Phoenix the Red-tailed Hawk sits on trainer, Curtis's glove
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Idaho Power Flight Lab construction is complete!

After years of hard work and collaboration between Idaho Power, Kaddas Enterprises, the Avian Power Line Interaction Committee (APLIC), Northwest Lineman College, Hatch Design Architecture, and Jordan-Wilcomb Construction, our new Idaho Power Flight Lab is complete!


Phoenix the Red-tailed Hawk sits on the ground, sunning her feathers, inside the new Idaho Power Flight Lab which contains a model of a power line.


Today we watched as our raptor care staff introduced Phoenix, the Red-tailed Hawk, to her new home. Phoenix immediately flew to the perch under the shaded roof and sat for about 20 minutes acclimating to her new digs. Finally, she worked up the courage to fly down to the ground, where she spread out her feathers and soaked in the warm sun. She hasn't been brave enough to explore the power poles yet, but we will be sure to post a photo as soon as we see her up there! In the meantime, enjoy this photo of her sunning on the ground. We couldn't be happier and are so grateful to all of our supporters for helping to make this exhibit a reality!

Phoenix the Red-tailed Hawk sits on the ground with her wings open and tail spread to soak up the sun.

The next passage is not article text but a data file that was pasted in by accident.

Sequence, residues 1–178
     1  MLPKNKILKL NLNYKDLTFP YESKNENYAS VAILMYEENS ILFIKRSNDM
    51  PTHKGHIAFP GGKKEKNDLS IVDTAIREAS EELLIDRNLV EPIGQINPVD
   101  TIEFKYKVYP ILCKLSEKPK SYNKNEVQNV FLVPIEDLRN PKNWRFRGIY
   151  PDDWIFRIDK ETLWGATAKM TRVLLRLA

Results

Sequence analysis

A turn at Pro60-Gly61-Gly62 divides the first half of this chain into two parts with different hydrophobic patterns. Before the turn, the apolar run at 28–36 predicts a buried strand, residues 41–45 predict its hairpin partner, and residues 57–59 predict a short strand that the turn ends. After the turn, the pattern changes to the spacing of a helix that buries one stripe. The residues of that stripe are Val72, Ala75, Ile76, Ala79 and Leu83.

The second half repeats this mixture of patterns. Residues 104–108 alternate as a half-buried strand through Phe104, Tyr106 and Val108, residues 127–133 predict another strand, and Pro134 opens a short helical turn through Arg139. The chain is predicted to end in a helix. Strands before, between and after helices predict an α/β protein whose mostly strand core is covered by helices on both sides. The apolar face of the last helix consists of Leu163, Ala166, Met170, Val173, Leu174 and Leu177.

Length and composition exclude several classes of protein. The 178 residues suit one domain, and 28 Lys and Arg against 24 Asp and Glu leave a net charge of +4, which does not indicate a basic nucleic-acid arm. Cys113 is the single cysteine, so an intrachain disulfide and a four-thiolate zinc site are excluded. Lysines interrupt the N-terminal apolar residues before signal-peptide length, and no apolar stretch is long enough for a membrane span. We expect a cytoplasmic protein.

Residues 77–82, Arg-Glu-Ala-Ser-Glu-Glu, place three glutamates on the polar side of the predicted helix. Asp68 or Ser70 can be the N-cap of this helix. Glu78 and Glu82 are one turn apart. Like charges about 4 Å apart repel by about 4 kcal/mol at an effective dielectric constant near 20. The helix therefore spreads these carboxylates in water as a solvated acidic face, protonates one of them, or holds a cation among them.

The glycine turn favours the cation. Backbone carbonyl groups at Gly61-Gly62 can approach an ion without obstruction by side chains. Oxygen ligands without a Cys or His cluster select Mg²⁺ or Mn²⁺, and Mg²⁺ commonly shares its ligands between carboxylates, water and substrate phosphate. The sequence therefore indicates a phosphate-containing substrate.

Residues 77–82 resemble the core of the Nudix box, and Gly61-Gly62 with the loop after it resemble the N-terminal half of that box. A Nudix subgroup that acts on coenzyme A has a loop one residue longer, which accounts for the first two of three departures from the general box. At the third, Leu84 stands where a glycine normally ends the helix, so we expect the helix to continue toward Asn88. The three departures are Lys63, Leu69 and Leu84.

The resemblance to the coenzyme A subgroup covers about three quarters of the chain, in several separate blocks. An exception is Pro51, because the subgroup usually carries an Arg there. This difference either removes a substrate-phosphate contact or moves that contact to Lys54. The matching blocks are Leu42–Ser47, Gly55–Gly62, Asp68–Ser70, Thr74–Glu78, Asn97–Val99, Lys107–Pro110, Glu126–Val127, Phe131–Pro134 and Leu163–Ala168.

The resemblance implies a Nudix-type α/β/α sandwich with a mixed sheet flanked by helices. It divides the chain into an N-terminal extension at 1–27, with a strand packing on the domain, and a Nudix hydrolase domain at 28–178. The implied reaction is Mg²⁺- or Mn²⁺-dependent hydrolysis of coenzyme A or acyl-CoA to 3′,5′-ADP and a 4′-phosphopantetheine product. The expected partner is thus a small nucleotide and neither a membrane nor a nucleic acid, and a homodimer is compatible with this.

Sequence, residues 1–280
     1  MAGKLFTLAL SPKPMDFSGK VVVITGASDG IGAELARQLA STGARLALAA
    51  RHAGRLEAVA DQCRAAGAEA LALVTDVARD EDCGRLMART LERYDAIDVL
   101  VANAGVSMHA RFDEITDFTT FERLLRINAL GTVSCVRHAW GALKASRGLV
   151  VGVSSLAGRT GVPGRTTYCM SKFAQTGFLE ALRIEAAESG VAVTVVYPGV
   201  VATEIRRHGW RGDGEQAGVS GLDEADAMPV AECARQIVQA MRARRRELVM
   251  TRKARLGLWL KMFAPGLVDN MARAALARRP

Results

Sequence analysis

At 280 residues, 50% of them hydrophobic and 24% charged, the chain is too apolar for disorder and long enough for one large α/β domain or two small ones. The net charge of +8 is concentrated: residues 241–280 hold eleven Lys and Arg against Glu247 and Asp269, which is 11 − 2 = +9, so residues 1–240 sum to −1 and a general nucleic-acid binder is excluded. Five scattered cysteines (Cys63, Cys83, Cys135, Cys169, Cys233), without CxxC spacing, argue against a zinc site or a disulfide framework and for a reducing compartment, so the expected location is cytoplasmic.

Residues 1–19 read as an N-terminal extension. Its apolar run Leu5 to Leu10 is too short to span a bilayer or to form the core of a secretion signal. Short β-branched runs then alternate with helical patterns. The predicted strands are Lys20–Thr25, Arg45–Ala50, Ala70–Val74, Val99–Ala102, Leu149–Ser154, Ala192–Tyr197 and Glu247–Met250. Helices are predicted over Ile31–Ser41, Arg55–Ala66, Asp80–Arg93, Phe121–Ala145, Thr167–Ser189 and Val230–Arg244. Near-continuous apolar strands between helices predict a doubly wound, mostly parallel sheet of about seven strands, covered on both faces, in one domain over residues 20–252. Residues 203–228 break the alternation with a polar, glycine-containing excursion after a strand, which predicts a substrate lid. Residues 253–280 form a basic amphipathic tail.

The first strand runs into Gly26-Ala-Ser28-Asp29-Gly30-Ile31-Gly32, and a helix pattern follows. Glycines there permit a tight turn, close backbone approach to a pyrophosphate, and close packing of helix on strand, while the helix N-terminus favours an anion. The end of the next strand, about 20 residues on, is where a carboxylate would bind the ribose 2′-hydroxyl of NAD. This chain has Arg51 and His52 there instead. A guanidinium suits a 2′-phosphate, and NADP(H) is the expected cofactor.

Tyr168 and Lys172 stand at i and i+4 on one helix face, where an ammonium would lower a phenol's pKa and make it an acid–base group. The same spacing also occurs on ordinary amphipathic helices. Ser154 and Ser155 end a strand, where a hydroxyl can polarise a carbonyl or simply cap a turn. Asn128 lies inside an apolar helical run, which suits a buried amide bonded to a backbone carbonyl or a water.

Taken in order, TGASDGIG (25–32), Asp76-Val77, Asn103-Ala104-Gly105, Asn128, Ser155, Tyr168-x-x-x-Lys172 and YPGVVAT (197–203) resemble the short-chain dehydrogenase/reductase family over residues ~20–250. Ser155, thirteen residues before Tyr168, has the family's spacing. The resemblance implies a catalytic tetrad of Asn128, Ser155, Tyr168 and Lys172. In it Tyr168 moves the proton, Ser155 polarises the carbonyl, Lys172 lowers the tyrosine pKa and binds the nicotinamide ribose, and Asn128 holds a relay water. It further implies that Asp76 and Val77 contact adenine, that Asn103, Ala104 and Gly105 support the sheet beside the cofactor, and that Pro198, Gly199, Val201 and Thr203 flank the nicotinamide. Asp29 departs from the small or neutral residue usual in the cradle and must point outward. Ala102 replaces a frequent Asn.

Why is there a powerline in the exhibit?

Power poles make advantageous perches for birds of prey, especially in landscapes without trees. However, when a bird touches two live wires simultaneously, it may be electrocuted. Raptor electrocutions can cause expensive power outages and dangerous wildfires.

Idaho Power partnered with falconer and filmmaker Morley Nelson in the 1970s to examine how raptors interact with utility infrastructure.

Morley Nelson flew trained hawks and eagles to mock power poles stationed in his Boise backyard. The results of these experiments led to advances in power pole design which have been adopted in many places worldwide, saving countless birds of prey.

There are two main ways to protect raptors from electrocution - cover the live electrical components or increase wire spacing. The standard cross arm on the left side of the exhibit is 8’ wide and can put raptors at risk because large birds can touch two live wires simultaneously. This pole has been retrofitted with protective covers, designed by Kaddas Enterprises. Installing a non-conductive cover is one of the most cost effective solutions for problem poles.

The cross arm on the right side of the exhibit is 10' wide, set two feet below the top of the pole. This makes it unlikely for raptors to touch two live wires simultaneously. With sufficient line spacing, line covers perch guards are not needed. Many new cross arms feature this raptor- safe line spacing.

The Avian Power Line Interaction Committee (APLIC) continues to innovate for the benefit of wildlife, electricity consumers, and the energy industry. APLIC members represent power companies, wildlife resource agencies, conservation groups, and manufacturers of avian protection products.